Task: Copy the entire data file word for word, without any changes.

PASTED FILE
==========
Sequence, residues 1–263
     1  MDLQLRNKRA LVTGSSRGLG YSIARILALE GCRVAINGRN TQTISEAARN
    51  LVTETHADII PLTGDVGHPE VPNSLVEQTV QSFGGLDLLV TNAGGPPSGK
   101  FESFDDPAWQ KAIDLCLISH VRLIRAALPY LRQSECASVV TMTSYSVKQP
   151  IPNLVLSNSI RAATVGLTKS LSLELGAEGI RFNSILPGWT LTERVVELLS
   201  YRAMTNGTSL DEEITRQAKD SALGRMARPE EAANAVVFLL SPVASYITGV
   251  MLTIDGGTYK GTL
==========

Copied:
Sequence, residues 1–263
     1  MDLQLRNKRA LVTGSSRGLG YSIARILALE GCRVAINGRN TQTISEAARN
    51  LVTETHADII PLTGDVGHPE VPNSLVEQTV QSFGGLDLLV TNAGGPPSGK
   101  FESFDDPAWQ KAIDLCLISH VRLIRAALPY LRQSECASVV TMTSYSVKQP
   151  IPNLVLSNSI RAATVGLTKS LSLELGAEGI RFNSILPGWT LTERVVELLS
   201  YRAMTNGTSL DEEITRQAKD SALGRMARPE EAANAVVFLL SPVASYITGV
   251  MLTIDGGTYK GTL